Claude Thornhill & West Coast jazz | Down Beat 14, 1947

Down Beat 14, no. 22 (Oct. 22, 1947)

Thornhill’s 1940s big band helped shape the sound of modern jazz, and orchestral bop and ethereal ballads tinged with classical influences set the stage for masterpieces by Miles Davis and helped to inspire the West Coast or “cool jazz” movement of the 1950s. Thornhill and collaborator Gil Evans created a beautifully colored and sophisticated tapestry of music that would be referenced and known around the world.

The birth of the cool began in Thornhill’s hometown of Terre Haute, Ind., a city on the Wabash River where Thornhill was born Aug. 10, 1908. The shy-but-gifted boy was a prodigal pianist, playing as a teenager in movie houses, on riverboats and with local orchestras. The Terre Haute Star, somewhat prophetically, called him “years ahead of his time in the playing of modern popular music.” Thornhill later claimed that he had attended various conservatories, but his talent flourished locally in a city with a top-flight classical symphony and vibrant musical culture.

Thornhill left Terre Haute by the end of the 1920s and spent the next decade making a slow but steady climb to bandleader. He became good friends with a young, up-and-coming clarinetist named Artie Shaw, who described him as “a funny-looking gent, with a potato nose and round Germanic face…It wasn’t easy for him to express himself. But he was more guileful than he appeared, because he generally got what he wanted.” [more]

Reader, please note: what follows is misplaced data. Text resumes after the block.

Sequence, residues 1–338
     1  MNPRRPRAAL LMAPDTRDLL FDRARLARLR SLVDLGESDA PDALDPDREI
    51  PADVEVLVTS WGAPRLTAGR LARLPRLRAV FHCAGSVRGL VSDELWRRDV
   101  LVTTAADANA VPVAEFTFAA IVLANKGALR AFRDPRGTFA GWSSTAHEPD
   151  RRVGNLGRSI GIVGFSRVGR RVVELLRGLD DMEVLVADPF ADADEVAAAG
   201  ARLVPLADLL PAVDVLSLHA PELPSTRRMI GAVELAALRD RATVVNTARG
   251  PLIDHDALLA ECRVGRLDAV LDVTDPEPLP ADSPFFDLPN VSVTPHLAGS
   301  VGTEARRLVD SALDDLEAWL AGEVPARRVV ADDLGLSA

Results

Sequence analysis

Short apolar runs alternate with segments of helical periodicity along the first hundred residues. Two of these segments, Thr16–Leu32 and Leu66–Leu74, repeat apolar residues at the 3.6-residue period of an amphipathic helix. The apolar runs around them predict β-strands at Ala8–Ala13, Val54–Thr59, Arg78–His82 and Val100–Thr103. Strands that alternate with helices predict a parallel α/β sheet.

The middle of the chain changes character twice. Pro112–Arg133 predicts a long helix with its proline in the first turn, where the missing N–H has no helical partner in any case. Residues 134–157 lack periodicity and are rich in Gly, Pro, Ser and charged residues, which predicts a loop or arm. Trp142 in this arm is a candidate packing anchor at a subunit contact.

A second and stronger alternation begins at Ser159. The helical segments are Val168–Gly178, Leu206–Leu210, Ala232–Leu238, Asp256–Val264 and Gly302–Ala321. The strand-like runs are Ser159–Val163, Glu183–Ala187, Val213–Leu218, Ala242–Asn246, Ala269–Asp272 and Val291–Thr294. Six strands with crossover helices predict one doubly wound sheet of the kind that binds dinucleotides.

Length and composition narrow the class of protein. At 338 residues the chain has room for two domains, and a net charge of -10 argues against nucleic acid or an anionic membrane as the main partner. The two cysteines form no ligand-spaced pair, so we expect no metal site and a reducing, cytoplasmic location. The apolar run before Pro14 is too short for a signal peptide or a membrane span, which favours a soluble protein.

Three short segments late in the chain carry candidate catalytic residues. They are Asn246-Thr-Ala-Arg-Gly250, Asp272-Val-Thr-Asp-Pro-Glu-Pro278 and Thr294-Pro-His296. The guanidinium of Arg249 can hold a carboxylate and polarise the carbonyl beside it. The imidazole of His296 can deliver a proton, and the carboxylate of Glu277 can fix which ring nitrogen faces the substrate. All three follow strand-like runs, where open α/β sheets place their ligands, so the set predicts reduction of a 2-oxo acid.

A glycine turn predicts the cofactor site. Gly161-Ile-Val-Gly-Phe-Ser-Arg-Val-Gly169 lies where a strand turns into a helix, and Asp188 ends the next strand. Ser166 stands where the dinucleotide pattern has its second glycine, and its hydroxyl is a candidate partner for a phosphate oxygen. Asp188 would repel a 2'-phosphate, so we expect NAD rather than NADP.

Claude Thornhill – Buster’s Last Stand (1942)
Jazz writer Allen Lowe described “Buster’s Last Stand” as “a bravura swinger, unlike anything else of its time, a creation way outside of Swing Era conventions, block-voiced with feathery lightness and kicked along with the momentum of a tin can along a curb.”
Claude Thornhill And His Orchestra – Robbin’s Nest (1947)
“Robbins’ Nest” and other Thornhill recordings from this period point the way to the cool-jazz movement of the 1950s, founded with Davis’ Birth Of The Cool recordings at the end of the 1940s. Many of the tunes were recorded by a circle of musicians that included former members of the Thornhill orchestra.

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